Bezos has what The Washington Post needs: imagination and patience

The front page of today’s Washington Post print edition was dominated by coverage of the paper’s sale to Jeff Bezos. But a small story squeezed onto the bottom of the page, about the world’s first lab-grown hamburger, also gave some insight into what’s ahead for the legendary paper — and perhaps the rest of the news business.

The story recounted the taste test of the first lab-burger, which was described as “surprisingly crunchy.” The story noted who bankrolled the newfangled beef: Google’s Sergey Brin.

The Post — like the hamburger — will now be owned by a rich guy with a spirit of experimentation. Using just a tiny fraction of his tremendous wealth to buy the paper, Bezos made clear that he wants to tinker with the Post and explore the future of journalism.

“We will need to invent, which means we will need to experiment,” he wrote in a letter to Post employees. “Our touchstone will be readers, understanding what they care about — government local leaders, restaurant openings, scout troops, businesses, charities, governors, sports — and working backwards from there. I’m excited and optimistic about the opportunity for invention.”

It has been difficult for newspaper editors to do much inventing in the past few years because they have been too busy cutting. It’s hard to dream up new forms of journalism when you’re not sure you have enough reporters to cover the school board.

Just as Brin is paying to reimagine fast food (the beef-free beef burger holds lots of promise for the environment), Bezos has the resources to help reinvent the news business. He is well-suited for this because he isn’t a product of its ink-and-paper past.

The emergence of wealthy tinkerers such as Bezos is a promising trend because they can give the news business some stability and a fresh perspective. As the Post notes in its profile of Bezos, he has remarkable patience: He launched Amazon in 1994, but it didn’t turn a profit until 2001.

And Bezos has shown he has great imagination. His other investments include a company that will send people into space (the company, Blue Origin, says “accomplishing this mission will take time, and we’re working on it methodically”) and a clock that will tick for 10,000 years. Likewise, he’s grown Amazon into a behemoth by relentlessly trying new products and services.

After getting a foothold in books, clothing, e-books and many other consumer products, he’s venturing into groceries and even streaming video. (Last week, I caught up with the first episodes of “Under the Dome” by watching them on Amazon.)

We need more investors like Bezos. He’ll bring fresh thinking to a company that is still largely dependent on an ink-on-paper business model. (Even better: Maybe Brin will develop the same interest in papers that he has in beef! Consumers can read the news while they munch on their  lab-grown double cheeseburgers!)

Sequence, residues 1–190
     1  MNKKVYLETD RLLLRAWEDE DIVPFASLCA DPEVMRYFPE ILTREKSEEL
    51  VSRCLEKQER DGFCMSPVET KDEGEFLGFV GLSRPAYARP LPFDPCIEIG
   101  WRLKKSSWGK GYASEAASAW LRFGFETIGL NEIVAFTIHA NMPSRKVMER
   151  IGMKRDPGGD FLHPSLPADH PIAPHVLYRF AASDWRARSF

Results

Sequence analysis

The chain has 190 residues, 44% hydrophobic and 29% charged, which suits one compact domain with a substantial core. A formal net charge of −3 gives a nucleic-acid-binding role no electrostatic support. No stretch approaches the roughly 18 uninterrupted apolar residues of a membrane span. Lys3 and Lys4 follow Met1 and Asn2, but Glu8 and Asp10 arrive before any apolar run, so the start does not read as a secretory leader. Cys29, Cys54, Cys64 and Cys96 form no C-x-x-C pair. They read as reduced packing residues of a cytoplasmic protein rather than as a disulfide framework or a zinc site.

Chris Taylor, a former writer for Time magazine who has covered Bezos, wrote in Mashable that he is “the best thing to happen to old-school journalism in a long time. He understands its values. He has no agenda, other than making sure customers are happy with the product. He is used to businesses that operate at razor-thin profit margins. He gets new media in a way the Grahams never could, and opens up new distribution channels they hadn’t even considered.”

A hallmark of our digital era has been the speed of progress. But Bezos has been a successful pioneer because he’s got imagination, deep pockets and is willing to give things a chance to grow.

Bill Adair is the Knight Professor for the Practice of Journalism and Public Policy at Duke University. He also serves an adjunct faculty member at Poynter and is a contributing editor for PolitiFact, which is run by the Poynter-owned Tampa Bay Times. Read more

Jeff Bezos

How Bezos, in his first memo to Washington Post staff, achieved believable optimism

Imagine this:

You’re a reporter at The Washington Post and you’ve just heard your company has been bought by, of all people, the guy who created Amazon.

Graham. Bradlee. Woodward. Bernstein.


Think you’re nervous?

Now imagine this:

You’re Jeff Bezos and you know that you’re about to own a building filled with thousands of employees as nervous as that reporter. And you also know that the first thing you say to them will be remembered as vividly as their first kiss, first car or, maybe, the first time they bought a CD on Amazon.

If you’re really good, you’ll say something that leaves them as optimistic about the future of their company as you are.

If you’re really good, you’ll say something they really believe.

Well, I don’t work for the Post, and so I won’t speak for the staff there. But I think the memo that Jeff Bezos released shortly after the purchase was announced is one fine piece of work.

It’s conversational. It acknowledges the tough realities of the news business. It points to the need for change.

And it makes promises. Bezos promises to honor the values of the Washington Post, to own up to mistakes, to “slow down” in order to get it right, to be courageous in the pursuit of truth.

He does not say everyone will keep their jobs. But then, no one has promised that at the Post for a long time. What Bezos demonstrates is that an empty promise of continued employment does not create optimism — but a genuine promise to commit to important journalism can.